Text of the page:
Fishing Regulations in Georgia

If you intend to go fishing in Georgia in the near future, you should familiarize yourself with the rules and regulations that govern this type of outdoor activity in this state. You must be aware of the procedures for obtaining fishing licenses as well as the activities that are prohibited while on the waters of this state. The Georgia Wildlife Resources Division is in charge of enforcing fishing regulations and issuing fishing licenses.

You can purchase a Georgia fishing license online at or, both of which are very user-friendly. In addition, you can obtain it in person from a variety of dealers located throughout the state, including regional offices, state parks, marinas, major retailers, and hardware stores, or by phone from a variety of dealers. Always keep in mind that your Social Security Number is required in order to purchase all fishing licenses in the state of Georgia.


Anglers over the age of 16 who want to fish in Georgia’s freshwater or saltwater must have a fishing license issued by the state of Georgia. Furthermore, saltwater areas necessitate the installation of an additional SIP. You can obtain a temporary authorization number over the phone or through the internet, which you can use for up to seven days until the paper copy is received or printed. During the course of checking fishing licenses, Conservation Rangers may request an identification photo from the anglers in certain circumstances.

If you want to fish in private ponds where you have permission from the owner or if you actually own the pond, you do not need to purchase a fishing permit.

During Georgia’s Free Fishing Days, which will be held on June 3, June 10, and September 23, you will not be required to purchase a fishing or trout license if you are a resident of the state of Georgia. If you plan on visiting private lakes, you will be required to pay the associated fees.

If you live in the state of Georgia, you can purchase a one-year license for $10, or $50 if you live somewhere else in the country. One good deal is to obtain a Lifetime Sportsman’s License, which is available to both residents and nonresidents of Georgia of all ages, and which is available to both men and women. Simply complete and submit your application online at to be considered for the program.

In order to engage in safe and legal fishing in Georgia, you must first become familiar with some of the laws and regulations that apply in this state:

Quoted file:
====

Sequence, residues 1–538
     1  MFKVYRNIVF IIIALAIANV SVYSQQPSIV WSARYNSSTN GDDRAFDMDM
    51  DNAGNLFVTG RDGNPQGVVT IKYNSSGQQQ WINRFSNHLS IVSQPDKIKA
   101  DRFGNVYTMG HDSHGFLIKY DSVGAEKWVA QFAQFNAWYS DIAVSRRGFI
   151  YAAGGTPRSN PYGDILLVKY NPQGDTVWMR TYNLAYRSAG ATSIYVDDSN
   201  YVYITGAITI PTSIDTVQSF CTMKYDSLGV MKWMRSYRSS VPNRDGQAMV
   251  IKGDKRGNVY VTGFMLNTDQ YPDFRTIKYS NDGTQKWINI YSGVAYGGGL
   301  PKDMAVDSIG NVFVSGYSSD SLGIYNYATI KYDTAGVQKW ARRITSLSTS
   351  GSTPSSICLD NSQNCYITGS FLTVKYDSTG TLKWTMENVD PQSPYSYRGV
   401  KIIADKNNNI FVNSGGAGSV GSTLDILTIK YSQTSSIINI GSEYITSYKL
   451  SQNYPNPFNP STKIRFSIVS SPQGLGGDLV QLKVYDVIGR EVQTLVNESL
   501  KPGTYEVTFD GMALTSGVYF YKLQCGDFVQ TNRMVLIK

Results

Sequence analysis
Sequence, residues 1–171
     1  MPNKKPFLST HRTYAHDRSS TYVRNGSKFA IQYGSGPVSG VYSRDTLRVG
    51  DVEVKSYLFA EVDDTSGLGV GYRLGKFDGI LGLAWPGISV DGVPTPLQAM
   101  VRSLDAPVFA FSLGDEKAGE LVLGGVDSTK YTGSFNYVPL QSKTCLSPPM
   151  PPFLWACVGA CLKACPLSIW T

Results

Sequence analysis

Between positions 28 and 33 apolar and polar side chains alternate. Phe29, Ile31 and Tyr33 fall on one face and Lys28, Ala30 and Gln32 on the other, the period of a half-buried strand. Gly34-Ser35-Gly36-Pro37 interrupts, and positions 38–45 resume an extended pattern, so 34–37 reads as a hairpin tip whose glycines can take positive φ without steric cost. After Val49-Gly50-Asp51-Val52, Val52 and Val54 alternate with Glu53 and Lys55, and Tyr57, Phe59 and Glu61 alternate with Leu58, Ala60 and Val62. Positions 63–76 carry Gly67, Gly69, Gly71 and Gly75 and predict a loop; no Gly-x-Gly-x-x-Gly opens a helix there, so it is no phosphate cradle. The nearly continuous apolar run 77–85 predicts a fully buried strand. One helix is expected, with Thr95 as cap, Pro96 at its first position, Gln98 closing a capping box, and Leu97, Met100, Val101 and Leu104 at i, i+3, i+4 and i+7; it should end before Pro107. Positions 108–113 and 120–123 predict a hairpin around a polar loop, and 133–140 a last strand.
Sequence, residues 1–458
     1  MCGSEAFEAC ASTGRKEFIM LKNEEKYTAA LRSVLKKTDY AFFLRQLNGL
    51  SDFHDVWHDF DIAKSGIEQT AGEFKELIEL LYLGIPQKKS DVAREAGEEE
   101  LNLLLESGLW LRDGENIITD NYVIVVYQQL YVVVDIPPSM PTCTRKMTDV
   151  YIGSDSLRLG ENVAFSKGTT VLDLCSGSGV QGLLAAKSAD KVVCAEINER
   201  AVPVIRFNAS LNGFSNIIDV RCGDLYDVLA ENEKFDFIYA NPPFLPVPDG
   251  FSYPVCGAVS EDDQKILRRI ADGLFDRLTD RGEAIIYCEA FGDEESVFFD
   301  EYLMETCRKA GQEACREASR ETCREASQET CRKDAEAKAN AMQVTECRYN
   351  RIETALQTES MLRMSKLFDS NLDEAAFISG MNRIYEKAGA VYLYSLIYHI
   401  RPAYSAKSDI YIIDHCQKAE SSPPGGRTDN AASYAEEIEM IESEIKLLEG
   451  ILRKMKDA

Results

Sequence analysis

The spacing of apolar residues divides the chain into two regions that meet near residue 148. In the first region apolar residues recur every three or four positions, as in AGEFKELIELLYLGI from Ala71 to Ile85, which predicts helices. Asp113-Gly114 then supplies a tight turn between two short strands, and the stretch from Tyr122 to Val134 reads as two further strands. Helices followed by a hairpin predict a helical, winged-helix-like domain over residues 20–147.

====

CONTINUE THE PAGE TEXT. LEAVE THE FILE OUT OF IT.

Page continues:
• While fishing in this state, you may come across a variety of rare and protected species that are either in the water or nearby. You should be aware that Georgia’s protected species list includes 57 fish, eight salamanders, one frog, 28 snails and mussels, 20 crayfish, and 13 turtles, among other things. Capturing, killing, or causing harm to any protected species is strictly prohibited. If you happen to accidentally catch a protected species, make sure to release it as soon as possible.
  • You must adhere to certain freshwater game species limits per day if you want to catch freshwater game. For example, it is illegal to accept more than 50 people from the list provided by the Georgian authorities in a single day, according to Georgian law.
  • Despite the fact that there are no restrictions on the number of poles or lines that can be used for fishing, if you want to catch trout, you can only use one pole in public fishing areas if you want to catch them.
  • The use of live bait for game fish is permitted if the fish are caught legally and do not exceed the daily possession limit.


Other angling regulations that you should be aware of are as follows:


  • In the state of Alabama, it is illegal to possess or fish with live blueback herring bait in any of its waters.
  • If you take any fish from a public freshwater body other than through the methods specified in the regulations documents, you will be subject to prosecution.
  • It is not possible to catch game fish or any other species by hand.

If you do not follow these rules and regulations, your fishing license may be suspended, and you may also be subject to penalties and fines if you are caught.